“I’m Gay” …
the two hardest words that have ever left my lips, but what was even more difficult was getting to the point of saying those words. People often ask, “Did you know you were gay?” My response often, “Did you know you were straight?” Growing up in a straight world; a society that celebrates being straight, “normal” and all that goes with being how your parents envision your life to be. My parents have always been accepting of my gayness(I don’t like “lifestyle”, “homosexuality” sounds so scientific, and I hope we can put to rest the idea of “choice”.) But, what they said to me when I told them, “I’m gay” is that it was never a life they envisioned for their child because of the difficulty. I also believe that parents have hopes and dreams for their children based on the straight society in which we are raised. Kids are born, they play, they learn, they grow, they leave home, they marry, they have kids…..that is what our society celebrates. That, I believe, is what parents hope for their children. My journey has been different. What I know for sure is that my family may not totally understand my journey, but they have always been supportive and most of all, proud of who I have become. I’ve lived 38 years, but I’ve lived my truth the past 12 years.
So back to that age old question gay men are asked, “Did you know you were gay?” No. I grew up in a time that there were not gay role models. Gays were not very present, if at all, on television. The gays in the media were Liberace or Elton John, certainly two men I never identified with. So though I knew I felt different, I never really knew why. I played with the boys in the neighborhood, rode bikes in the woods, went swimming, played with WWF wrestling figures, but around 6th grade, when they were playing football in the backyard, I started to find that I would rather lay in front of my stereo at home and listen to Wilson Phillips and Tiffany. Hahaha. Honestly, I laugh now. I loved Barbara Mandrell and the Mandrell Sisters when I was five and would put on weekly shows while watching their Saturday night variety show on NBC. I loved and will always love, Whitney Houston. I laid in front of my stereo every Sunday morning for four hours and listened to Rick Dee’s and the Weekly Top 40. I watched Star Search on Saturday afternoon at 5 p.m. and then watched the same repeat episode on Sunday at 4 p.m. Did I know I was gay? No. Did I know I had very different interests than the fellas on the street? Yes. That was basically how I lived my life from age 12 to 18. I did not necessarily shy away from being me, but I was aware that I needed to hide some of my interests as not to be made fun of and always in my head hoping, “this is just a phase. I’ll grow out of it.”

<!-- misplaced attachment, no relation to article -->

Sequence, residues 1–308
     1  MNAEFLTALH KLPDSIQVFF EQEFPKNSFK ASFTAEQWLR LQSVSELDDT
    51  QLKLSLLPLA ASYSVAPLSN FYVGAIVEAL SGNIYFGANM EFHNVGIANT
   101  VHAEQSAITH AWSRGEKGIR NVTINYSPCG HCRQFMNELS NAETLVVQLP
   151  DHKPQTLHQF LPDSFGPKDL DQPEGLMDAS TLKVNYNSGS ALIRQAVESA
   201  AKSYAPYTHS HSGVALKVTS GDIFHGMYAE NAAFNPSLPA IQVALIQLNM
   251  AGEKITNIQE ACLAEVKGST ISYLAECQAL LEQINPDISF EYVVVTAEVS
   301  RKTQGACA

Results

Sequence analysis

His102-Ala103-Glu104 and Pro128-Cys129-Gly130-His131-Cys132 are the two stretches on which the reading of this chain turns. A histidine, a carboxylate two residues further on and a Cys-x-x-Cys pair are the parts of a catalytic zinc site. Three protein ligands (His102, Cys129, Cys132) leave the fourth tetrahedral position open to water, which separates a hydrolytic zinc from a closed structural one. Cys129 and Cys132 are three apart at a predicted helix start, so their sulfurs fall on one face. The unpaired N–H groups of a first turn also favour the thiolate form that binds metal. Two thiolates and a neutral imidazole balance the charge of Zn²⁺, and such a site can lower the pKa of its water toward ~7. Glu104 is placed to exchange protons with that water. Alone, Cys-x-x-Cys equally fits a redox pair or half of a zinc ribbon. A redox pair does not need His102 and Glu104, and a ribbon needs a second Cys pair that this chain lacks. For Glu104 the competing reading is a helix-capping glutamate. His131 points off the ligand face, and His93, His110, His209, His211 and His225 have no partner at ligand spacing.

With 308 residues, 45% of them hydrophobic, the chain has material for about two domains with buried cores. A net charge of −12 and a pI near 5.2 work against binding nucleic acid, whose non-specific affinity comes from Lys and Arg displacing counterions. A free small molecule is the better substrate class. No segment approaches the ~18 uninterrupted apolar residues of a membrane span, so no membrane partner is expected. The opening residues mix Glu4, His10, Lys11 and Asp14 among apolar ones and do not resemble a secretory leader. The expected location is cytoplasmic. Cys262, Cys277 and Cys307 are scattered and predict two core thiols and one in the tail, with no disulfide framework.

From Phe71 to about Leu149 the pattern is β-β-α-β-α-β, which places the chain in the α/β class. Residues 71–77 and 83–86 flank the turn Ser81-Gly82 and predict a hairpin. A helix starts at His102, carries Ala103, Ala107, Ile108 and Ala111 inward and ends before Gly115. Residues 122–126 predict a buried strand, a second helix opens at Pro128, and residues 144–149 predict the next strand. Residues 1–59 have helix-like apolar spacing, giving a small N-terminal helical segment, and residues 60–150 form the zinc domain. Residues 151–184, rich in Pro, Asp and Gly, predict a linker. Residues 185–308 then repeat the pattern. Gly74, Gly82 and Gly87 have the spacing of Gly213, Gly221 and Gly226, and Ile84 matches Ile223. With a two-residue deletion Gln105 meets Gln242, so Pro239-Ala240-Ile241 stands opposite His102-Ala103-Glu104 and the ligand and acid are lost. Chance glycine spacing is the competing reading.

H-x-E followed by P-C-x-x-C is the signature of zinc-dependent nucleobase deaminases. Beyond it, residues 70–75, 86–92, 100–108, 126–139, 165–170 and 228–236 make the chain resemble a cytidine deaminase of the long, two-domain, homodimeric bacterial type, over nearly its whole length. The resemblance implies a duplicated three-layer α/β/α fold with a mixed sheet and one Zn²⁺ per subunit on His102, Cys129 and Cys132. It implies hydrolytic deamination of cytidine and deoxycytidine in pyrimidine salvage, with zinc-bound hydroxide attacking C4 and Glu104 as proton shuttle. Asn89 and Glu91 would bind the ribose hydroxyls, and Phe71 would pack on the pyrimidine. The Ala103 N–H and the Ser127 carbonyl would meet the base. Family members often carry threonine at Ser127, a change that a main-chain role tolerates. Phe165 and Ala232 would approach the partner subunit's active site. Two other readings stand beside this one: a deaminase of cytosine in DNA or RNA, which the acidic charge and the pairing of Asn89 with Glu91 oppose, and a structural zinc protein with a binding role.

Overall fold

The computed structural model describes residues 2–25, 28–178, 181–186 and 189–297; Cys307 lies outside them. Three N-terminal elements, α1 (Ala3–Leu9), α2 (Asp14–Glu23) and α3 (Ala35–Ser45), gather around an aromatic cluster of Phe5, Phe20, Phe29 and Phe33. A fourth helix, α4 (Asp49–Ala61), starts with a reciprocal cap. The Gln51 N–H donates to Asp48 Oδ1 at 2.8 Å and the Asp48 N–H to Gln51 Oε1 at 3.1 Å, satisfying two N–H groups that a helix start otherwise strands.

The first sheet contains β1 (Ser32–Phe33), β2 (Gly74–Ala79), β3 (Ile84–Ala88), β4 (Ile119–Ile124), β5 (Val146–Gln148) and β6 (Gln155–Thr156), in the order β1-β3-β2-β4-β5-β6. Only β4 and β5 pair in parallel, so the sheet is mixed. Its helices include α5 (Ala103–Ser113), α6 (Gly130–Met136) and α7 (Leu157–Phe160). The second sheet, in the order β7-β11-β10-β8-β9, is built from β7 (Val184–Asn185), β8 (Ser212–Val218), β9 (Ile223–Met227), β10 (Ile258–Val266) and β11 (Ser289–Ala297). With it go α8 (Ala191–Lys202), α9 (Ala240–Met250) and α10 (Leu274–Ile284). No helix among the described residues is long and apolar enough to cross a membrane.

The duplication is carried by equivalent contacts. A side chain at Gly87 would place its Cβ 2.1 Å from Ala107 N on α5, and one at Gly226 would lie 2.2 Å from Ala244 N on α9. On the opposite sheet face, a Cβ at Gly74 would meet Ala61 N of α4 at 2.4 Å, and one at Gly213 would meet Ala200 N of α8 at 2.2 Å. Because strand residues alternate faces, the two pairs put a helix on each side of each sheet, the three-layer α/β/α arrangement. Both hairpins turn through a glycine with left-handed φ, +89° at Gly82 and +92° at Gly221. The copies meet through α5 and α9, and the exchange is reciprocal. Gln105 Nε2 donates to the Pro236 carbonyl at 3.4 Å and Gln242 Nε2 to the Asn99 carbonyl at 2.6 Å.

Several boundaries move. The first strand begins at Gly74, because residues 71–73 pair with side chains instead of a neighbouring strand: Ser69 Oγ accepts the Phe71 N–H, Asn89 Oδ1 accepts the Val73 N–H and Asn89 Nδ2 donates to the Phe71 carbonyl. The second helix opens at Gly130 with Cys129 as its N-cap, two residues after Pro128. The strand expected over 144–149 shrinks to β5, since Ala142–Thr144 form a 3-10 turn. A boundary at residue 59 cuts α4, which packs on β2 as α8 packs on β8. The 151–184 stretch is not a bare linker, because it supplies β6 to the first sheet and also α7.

Funny, I never “grew out of it.” I went to college and still repressed any feelings I had toward boys. What was wonderful in college is that I met my friends Herb and Cary. Though none of us were out at that time, we connected on a level that was better for me. Cary had Entertainment Weekly too and openly loved Mariah just as much as I loved Whitney. Herb loved Celine Dion and wanted to watch “Deep End of the Ocean” with Michelle Pfeiffer and Robert Redford. Glory Glory Hallelujah, finally people like me. Again, all of us were struggling with the same acceptance of ourselves, but at least I felt more comfortable knowing that I wasn’t the only guy with interests other than the “norm.”